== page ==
Another awesomely unerotic shopper is The Fondler:  We've all seen him or her before: the one who must touch each and every piece of fruit or vegetable before either deciding on one or simply walking away.  The Fondlers generally tend to have questionable hygienic practices, evidenced by their sneezing, wiping of their noses, and subsequent fondling of said fruits or vegetables.  A few rare but documented sightings of a Fondler picking his or her nose, wiping it on his or her shirt, and then molesting the fruits and veggies have occurred.  Most often, once a Fondler has been spotted, it becomes a race against time (Macgruber style baby!) as you must select and rescue your fruit or vegetable before it is contaminated with the Fondler's grubby germs.  Sadly, all too often, that one, perfect apple or sweet potato will have been fondled before you can save it.  At this point, the only two options you have are either to suck it up and accept a lesser apple or yam, or leave the supermarket entirely and continue your search for the perfect piece elsewhere.  The tragedy is that the Fondler is often unaware of their behavior, which, depending upon the supermarket you find yourself in, could be rectified easily.  At certain supermarkets, one can find little placards above the respective fruits and vegetables that offer suggestions for how best to use them, what other foodstuffs pair nicely with them, and, most important of all, how to pick the right one.  Sadly, due either to illiteracy or obliviousness, the Fondler never sees these helpful instructions, and are left to use his or her own unique system of selection (i.e. TOUCHING THEM ALL) to determine which one is the right one.  So the next time you see a poor Fondler bumbling his or her way through the fruits and vegetables, take a second to point out the placards (if available) or provide them with some suggestions for easier selection, and save them the embarrassment of future instances of public molestation (as well as protecting everyone from their rhinovirus-laden mitts).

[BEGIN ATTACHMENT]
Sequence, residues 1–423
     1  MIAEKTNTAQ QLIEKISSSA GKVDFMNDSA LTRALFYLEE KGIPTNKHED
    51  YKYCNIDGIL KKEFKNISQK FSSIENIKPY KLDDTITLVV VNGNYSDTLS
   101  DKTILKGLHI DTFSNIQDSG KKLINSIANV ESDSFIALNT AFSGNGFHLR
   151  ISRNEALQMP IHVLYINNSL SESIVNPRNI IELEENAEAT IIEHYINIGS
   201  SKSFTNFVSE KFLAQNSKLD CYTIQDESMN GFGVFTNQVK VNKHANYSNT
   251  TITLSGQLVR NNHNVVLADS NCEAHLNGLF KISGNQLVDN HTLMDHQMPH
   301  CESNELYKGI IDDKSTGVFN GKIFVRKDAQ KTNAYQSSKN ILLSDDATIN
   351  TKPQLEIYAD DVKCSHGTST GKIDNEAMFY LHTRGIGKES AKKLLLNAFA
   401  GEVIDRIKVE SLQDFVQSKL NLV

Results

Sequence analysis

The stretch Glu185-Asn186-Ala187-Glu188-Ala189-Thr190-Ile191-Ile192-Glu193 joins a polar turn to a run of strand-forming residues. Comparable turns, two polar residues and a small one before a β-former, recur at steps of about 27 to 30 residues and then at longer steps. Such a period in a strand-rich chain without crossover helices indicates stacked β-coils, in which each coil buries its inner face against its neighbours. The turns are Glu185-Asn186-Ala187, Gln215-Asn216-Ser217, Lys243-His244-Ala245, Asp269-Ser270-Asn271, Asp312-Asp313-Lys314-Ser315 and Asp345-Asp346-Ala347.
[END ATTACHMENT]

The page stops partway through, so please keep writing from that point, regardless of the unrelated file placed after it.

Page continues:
*Trivia Factoid About The Fondler!*  A variant of the Fondler indigenous to the cantaloupe section is the "Yankee Candle Fondler."  This poor soul has been informed that sniffing cantaloupes is the best way to determine if they are fresh.  Unfortunately, these folks have not been properly trained in the art and subsequently place their noses directly onto the fruit, much like people seem to do with the large jar candles at Yankee Candle.

# 13 The Roadblock

One of the rudest shopper types encountered in the aisles is The Roadblock.  Easily identified as the one blocking the aisle with their cart right at the entrance, they are usually bending over with their asses sticking out in an unintentionally inviting way inciting an intense desire to kick them squarely on them so that they smash face-first into whatever crap they are reading (because, truly, they are usually reading labels in their akimbo position).  The Roadblocks are generally annoyed when you ask them to move, shaking their heads because of your impatience.  They also tend to have little social awareness, thus revealing that they have not traveled all that far up Maslow's pyramid; self-actualization is but a tantalizing mirage dancing in the wavy heat of a desert highway at the peak of summer.  Though I have nothing to base this on, I would assume that Annie Wilkes in Stephen King's, Misery is a Roadblock because I can envision her calling someone a "cockadoodie brat" for asking her to move despite her obvious obstructing of the aisle entrance.  Be careful when muttering to yourself after you are chided by The Roadblock...you just might wind up strapped to a bed in his or her house with two sledgehammered feet dangling at awkward angles.

*Did You Know?*  Roadblock was one of the toughest and most beloved G.I. Joes of all time and has been remade numerous times in the action figure line!  (This basically means that if I ever come out with a line of Supermarket Shopper action figures, I'll need to change the name of the one with the ass sticking out and the whipcrack attitude.  Maybe I'll call him or her the ass sticker?  Who knows!)

Monday, May 10, 2010

The Early Morning Hours

I had a really awesome morning with Timmy this past Friday. Finding myself filled with energy around six in the morning, I decided to take advantage of the gorgeous weather and get outside earlier than I normally would. I fed Timmy, threw on a pair of shorts and a t-shirt, and headed out. Knowing that it was going to be chilly I had bundled him up quite well but neglected to bring my own fleece or hoodie with me; I regretted it almost immediately as a cold breeze coursed over me.

After walking Heather down to the bus stop, we turned left up Victory Boulevard and headed out for a walk to an undetermined destination; I had decided to let the morning guide me and it ultimately did not let me down. Though it was chilly, I found myself growing more oblivious to the temperature as I turned my focus towards the hustle and bustle of the early morning and the incredible light of the day.